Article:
There’s now an open-source SDK for mini quantum computers you can use

Quantum Brilliance, the company behind miniaturized, room-temperature quantum computing products, has announced the general availability of Qristal SDK.

Previously available in beta, Qristal SDK is an open-source software development kit designed for researching applications integrated with its diamond-based quantum accelerators.

In an announcement, Australia’s Quantum Brilliance said: “Qristal SDK is now available for anyone to develop and test novel quantum algorithms for real-world applications specifically designed for quantum accelerators rather than quantum mainframes.”

Quantum computing is fast approaching

The company hopes that its quantum technology will prove beneficial in hybrid data center setups, as well as autonomous vehicle technology and satellites. 

The company’s CEO, Mark Luo, said in a statement: “We believe this powerful tool will help organizations around the world understand how quantum accelerators can enable and enhance productization and commercialization.”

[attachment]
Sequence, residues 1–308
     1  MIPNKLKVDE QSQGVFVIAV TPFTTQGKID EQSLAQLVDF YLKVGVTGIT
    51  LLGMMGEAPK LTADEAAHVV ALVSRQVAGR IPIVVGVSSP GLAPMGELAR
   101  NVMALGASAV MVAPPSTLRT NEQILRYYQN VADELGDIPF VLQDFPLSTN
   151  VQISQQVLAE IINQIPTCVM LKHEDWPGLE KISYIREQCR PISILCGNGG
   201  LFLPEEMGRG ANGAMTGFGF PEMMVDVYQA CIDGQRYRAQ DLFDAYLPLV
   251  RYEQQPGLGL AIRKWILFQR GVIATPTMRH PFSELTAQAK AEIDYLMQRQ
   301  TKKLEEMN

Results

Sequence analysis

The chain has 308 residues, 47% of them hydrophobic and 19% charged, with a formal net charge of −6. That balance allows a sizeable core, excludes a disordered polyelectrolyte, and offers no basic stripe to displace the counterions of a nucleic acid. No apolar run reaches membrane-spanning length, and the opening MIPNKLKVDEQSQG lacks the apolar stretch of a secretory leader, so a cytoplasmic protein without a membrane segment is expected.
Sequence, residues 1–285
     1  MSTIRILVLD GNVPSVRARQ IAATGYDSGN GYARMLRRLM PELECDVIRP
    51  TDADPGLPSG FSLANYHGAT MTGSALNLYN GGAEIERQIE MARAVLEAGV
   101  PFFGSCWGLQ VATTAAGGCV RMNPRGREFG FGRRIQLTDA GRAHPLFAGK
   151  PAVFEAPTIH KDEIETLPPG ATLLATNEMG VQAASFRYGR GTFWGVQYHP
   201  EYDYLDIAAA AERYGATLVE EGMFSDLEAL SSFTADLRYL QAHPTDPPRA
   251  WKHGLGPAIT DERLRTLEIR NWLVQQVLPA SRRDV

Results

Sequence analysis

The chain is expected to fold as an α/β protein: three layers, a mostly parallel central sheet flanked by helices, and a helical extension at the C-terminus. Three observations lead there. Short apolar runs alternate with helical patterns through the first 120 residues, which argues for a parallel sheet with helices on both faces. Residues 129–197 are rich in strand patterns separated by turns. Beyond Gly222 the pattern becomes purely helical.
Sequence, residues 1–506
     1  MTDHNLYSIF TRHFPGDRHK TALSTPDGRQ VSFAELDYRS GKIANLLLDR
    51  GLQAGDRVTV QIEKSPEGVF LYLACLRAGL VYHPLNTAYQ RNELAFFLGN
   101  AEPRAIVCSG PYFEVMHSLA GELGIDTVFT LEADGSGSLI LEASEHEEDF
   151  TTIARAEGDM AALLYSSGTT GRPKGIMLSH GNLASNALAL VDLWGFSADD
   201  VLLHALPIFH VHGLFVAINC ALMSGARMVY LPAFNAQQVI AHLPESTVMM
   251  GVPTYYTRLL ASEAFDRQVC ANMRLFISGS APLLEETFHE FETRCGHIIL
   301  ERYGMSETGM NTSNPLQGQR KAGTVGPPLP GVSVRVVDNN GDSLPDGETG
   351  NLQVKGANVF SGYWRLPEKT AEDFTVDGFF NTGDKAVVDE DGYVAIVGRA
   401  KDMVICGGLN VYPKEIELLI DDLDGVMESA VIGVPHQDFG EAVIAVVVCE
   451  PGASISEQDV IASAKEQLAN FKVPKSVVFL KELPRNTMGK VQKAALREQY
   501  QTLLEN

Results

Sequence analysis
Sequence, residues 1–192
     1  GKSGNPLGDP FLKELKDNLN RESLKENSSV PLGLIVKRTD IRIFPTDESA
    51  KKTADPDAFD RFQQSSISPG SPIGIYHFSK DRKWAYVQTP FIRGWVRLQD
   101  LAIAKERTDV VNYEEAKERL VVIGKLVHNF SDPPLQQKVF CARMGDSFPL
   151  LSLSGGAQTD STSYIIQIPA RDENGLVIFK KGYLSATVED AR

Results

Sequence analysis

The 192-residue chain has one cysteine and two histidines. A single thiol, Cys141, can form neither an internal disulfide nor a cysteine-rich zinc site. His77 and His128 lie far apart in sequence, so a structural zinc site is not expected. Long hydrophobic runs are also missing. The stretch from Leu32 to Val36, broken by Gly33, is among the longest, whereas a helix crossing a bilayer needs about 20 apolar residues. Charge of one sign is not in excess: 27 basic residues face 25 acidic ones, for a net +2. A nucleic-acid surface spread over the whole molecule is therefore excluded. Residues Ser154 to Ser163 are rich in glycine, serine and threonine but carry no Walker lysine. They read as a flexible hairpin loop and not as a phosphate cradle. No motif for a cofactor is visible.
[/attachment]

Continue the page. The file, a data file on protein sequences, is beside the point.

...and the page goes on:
The SDK includes C++ and Python APIs, Nvidia CUDA features, and customizable noise models. 

As the world gears up for quantum computing, hybridized approaches are being increasingly explored by enterprises. With MPI (the global standard for large-scale parallel computing), Quantum Brilliance hopes its SDK will help customers to deploy hybrid applications across HPC deployments.

The company boasts of its use of synthetic diamonds, which operate at room temperature regardless of environment. Because of this, they do not require cryogenics, vacuum systems or precision laser arrays, making them more energy efficient and adding to their versatility for deployment.

As the technology advances, Quantum Brilliance hopes to reduce the size of its systems from the current desktop PC footprint to the size of a semiconductor chip, opening up quantum computing opportunities for anybody with space for a classical computer. 

Go to Source